"This is the first time I've seen a situation for growers where the shoe is on the other foot and buyers are coming to them," says Owings, who previously helped set up annual pre-harvest tours and dinners to help growers, consumers and buyers learn about the variables affecting organic crops: weather, material costs and insect and disease problems.

"When we first started the project," he says, "we assumed that because it was organic, consumers would not be as discriminating, but we found out later that they are and that organic fruit has to meet the same standards in size, color and lack of defects that conventional fruit does. That's what the consumer demands; it has to be a perfect fruit regardless of whether it's organic or conventional.

"The majority of consumers think 'organic' means we don't spray with anything," Owings says. "But in fact, we actually spray twice as often, but we spray with USDA-approved materials: non-toxic bacterial and plant-based pesticides that wash off in rain. That's one of the reasons it's three to four times more expensive to grow organic apples than it is conventional apples. An acre of conventionally grown apples would cost $700 a season for pesticides and fungicides; an identical organic crop's price tag for organic crop protectants is about $3,400."

Organic fruits and vegetables, however, are produced without most conventional synthetic pesticides, petroleum- or sewage sludge-based fertilizers, bioengineering or ionizing radiation.

"Growing anything organic is much more difficult. It's extremely labor-intensive, especially weed control," Owings says.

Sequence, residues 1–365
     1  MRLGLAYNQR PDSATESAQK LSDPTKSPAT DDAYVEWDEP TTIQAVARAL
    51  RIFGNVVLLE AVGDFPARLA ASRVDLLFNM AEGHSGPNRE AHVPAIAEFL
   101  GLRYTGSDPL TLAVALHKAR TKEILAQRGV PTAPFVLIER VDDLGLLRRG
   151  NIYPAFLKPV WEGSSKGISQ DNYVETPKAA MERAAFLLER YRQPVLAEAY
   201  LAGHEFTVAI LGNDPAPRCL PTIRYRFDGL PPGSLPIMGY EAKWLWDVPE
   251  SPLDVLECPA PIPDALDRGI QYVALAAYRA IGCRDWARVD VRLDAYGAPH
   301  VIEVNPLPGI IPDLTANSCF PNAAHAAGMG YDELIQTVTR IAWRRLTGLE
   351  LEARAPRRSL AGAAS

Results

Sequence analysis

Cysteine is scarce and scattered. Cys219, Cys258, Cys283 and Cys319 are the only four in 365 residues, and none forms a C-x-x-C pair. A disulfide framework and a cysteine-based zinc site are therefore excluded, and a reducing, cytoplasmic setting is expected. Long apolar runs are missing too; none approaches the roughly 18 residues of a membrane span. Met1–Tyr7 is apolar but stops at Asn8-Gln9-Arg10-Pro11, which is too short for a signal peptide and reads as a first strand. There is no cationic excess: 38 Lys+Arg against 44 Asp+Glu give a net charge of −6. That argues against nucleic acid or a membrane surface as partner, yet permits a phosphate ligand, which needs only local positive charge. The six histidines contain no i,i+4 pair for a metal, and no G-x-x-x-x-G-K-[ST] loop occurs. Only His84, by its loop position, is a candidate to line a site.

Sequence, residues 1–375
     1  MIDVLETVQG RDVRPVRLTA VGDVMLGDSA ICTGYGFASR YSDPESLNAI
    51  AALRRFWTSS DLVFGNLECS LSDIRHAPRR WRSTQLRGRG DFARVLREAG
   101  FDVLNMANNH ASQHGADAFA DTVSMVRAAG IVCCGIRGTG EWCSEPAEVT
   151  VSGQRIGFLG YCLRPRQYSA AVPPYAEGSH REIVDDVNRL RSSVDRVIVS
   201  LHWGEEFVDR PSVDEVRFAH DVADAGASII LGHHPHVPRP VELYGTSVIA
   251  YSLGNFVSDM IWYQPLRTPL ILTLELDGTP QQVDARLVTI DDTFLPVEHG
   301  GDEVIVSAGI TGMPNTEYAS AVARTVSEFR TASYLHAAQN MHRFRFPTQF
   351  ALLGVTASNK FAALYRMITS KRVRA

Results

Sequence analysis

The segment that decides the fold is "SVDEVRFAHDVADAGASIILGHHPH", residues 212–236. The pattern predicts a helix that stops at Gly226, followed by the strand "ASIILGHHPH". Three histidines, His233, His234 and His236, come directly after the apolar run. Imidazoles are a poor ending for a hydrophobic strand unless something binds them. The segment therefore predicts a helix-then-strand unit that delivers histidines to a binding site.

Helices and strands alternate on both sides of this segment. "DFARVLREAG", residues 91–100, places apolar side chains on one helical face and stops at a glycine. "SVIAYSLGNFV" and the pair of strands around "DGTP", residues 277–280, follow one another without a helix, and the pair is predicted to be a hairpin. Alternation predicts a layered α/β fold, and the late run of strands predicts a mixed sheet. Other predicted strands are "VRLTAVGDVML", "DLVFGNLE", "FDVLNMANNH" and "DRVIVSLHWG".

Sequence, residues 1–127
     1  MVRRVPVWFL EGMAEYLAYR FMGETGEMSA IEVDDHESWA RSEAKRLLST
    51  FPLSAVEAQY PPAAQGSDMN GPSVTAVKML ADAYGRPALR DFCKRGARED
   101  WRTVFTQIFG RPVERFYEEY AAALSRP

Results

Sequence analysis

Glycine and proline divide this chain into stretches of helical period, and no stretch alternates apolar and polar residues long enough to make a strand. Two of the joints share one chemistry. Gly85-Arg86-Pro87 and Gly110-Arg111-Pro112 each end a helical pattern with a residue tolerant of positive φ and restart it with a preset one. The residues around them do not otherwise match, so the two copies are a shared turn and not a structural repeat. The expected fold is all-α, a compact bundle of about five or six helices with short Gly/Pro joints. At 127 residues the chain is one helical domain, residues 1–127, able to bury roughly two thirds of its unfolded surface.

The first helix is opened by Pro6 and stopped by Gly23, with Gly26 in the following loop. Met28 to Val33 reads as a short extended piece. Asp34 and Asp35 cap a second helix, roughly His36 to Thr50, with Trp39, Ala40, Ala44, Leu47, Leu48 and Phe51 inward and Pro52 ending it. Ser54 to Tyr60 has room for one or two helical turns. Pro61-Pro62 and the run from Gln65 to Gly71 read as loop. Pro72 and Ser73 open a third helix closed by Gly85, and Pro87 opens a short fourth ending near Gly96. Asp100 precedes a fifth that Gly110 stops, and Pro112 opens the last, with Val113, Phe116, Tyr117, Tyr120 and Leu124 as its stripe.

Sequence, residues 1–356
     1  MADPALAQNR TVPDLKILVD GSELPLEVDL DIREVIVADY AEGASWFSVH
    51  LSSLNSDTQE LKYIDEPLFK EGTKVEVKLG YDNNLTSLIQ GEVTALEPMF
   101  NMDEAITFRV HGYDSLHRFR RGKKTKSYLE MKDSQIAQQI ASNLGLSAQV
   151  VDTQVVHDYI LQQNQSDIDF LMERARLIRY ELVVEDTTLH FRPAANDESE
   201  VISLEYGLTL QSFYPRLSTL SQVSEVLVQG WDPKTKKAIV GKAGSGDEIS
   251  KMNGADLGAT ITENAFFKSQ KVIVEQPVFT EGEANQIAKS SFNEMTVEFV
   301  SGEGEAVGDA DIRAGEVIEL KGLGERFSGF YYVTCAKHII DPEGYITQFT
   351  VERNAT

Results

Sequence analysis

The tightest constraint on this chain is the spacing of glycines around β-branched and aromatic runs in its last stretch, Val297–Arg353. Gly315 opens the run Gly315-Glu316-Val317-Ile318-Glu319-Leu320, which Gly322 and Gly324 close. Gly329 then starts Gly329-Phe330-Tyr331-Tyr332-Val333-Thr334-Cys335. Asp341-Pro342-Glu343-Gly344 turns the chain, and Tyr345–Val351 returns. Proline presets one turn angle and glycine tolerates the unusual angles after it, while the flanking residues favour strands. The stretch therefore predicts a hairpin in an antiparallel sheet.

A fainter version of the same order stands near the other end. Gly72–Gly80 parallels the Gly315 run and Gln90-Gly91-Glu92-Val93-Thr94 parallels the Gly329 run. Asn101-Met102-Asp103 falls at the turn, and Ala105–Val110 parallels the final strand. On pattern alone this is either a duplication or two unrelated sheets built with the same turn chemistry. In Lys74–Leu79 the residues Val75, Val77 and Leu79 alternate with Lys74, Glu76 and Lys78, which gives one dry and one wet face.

During the three-year transition to certified organic status, farmers must sell their fruit as conventional, despite rising production costs. And a government-approved certifier must inspect a farm to ensure USDA and state organic standards.

"Organic is very unforgiving," he says. "If you drop the ball along the way, you have no backup materials to get you out of trouble like you would if you were growing conventionally."

Richard Staton, the first organic cooperator with whom Owings worked, dedicated about three acres of Rome apples to organic in 2000. Staton and his wife, Mindy, were skeptical at first.

"But my bottom line was up the first year, and we were all very surprised," says Staton, a producer-packer who conventionally grows 193 acres of apples.

While Staton isn't growing any organic apples now, he's seriously considering adding organics again.

"Gerber Baby Foods is looking for growers who will grow organically for them," he says. They'd take up to 500 acres a year, if we'd grow it."

Gerber, says Owings, pays a premium for conventional fruit processing, and would have to pay an extra premium for organic.

"All three outlets - fresh fruit, processed and juice - are telling Anthony Owens they want all the fruit he can send them." he says.

Although growers participating in Owings's study get cost breaks or sponsorships from organic spray manufacturers, sustainable organic growing apparently is feasible in western North Carolina, even with no subsidies.

"This is not an easy business," Owings says. "But if you're willing to be in the orchard every day, scouting for pests and doing the spraying, it can work for you."

And Owens' Windy Ridge Farms is proof of that.